# How to execute executable which added to PATH from powershell?

I'm having problems execute the filename.exe (the name is not relevant) from Windows Powershell. The filename.exe can be executed from the cmd easily, because the file's path is added to the PATH environment variable. So I can execute the filename.exe like this from command line:

filename arg1 arg2


I have no idea how to do so in the Powershell.

Edit: I've tried the same way but no success. I got the following message

    PS D:\> filename
filename : The term 'filename' is not recognized as the name of a cmdlet, function, script file, or operable program.
Check the spelling of the name, or if a path was included, verify that the path is correct and try again.
At line:1 char:1
+ filename
+ ~~~~~~
+ CategoryInfo          : ObjectNotFound: (filename:String) [], CommandNotFoundException
+ FullyQualifiedErrorId : CommandNotFoundException

• Should work the same. What error do you get? Nov 20, 2015 at 14:07
• How exactly do you set the environment variable in PowerShell? Keep in mind that normal PowerShell variables are not environment variables (whereas in cmd most of the variables you use are environment variables).
– Joey
Nov 20, 2015 at 14:44
• I haven't set any environment variable in PowerShell. I would like to use path which is in the PATH variable of the Windows. (This might be silly to write down, but just to make clear: I added the "c:\path\to\folder" to the PATH variable. I know that cmd can execute files presented there). Nov 20, 2015 at 14:49
• Was PowerShell running at the time you made that change? Does $Env:Path reflect the contents of the variable you expect? – Joey Nov 20, 2015 at 14:58 ## 1 Answer If you would like to add an environment variable for that session, in this case update PATH, you can use System.Environment's SetEnvironmentVariable method. Say, I want to run 7zip, but the path to its executable is not in my path. So if I run it in Powershell, I will get an error: PS > 7z.exe 7z.exe : The term '7z.exe' is not recognized as the name of a cmdlet, function, script file, or operable program. Check the spelling of the name, or if a path was included, verify that the path is correct and try again. At line:1 char:1 + 7z.exe + ~~~~~~ + CategoryInfo : ObjectNotFound: (7z.exe:String) [], CommandNotFoundException + FullyQualifiedErrorId : CommandNotFoundException PS>  Let's add it to the path: PS> [System.Environment]::SetEnvironmentVariable('PATH',$Env:PATH+';c:\program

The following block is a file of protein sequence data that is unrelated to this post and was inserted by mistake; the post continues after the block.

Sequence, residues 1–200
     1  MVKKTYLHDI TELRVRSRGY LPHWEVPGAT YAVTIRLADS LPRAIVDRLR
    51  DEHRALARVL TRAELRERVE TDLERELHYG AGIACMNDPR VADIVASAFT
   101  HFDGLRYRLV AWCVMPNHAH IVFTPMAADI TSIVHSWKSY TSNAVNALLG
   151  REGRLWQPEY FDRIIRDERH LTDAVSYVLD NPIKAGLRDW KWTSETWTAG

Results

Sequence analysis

files\7-zip')


And now run it again:

PS > 7z.exe

7-Zip [64] 15.09 beta : Copyright (c) 1999-2015 Igor Pavlov : 2015-10-16

• Why to use [System.Environment]::SetEnvironmentVariable('PATH',$Env:PATH+';c:\program files\7-zip') instead of $Env:PATH+=';c:\program files\7-zip' Nov 20, 2015 at 15:00
• Because I am expecting the follow up question to be 'how do I do this system wide'. Nov 20, 2015 at 15:02
• Your answer is partially correct. In the description I mentioned that the variable should have been set. It hasn't worked with your solution either because the path was still too long. It's kinda a mysterious how the cmd version worked just fine. Nov 20, 2015 at 15:41
• The address that you enter should be the location of the .exe file, and should not contain the .exe file itself. For example, adding C:\Program Files\Example Program\Example.exe to your PATH does not work, but adding C:\Program Files\Example Program\  does work. I just ran into this issue and took me a few minutes to figure out what was going on. I thought it might help someone else here. Apr 8, 2020 at 3:26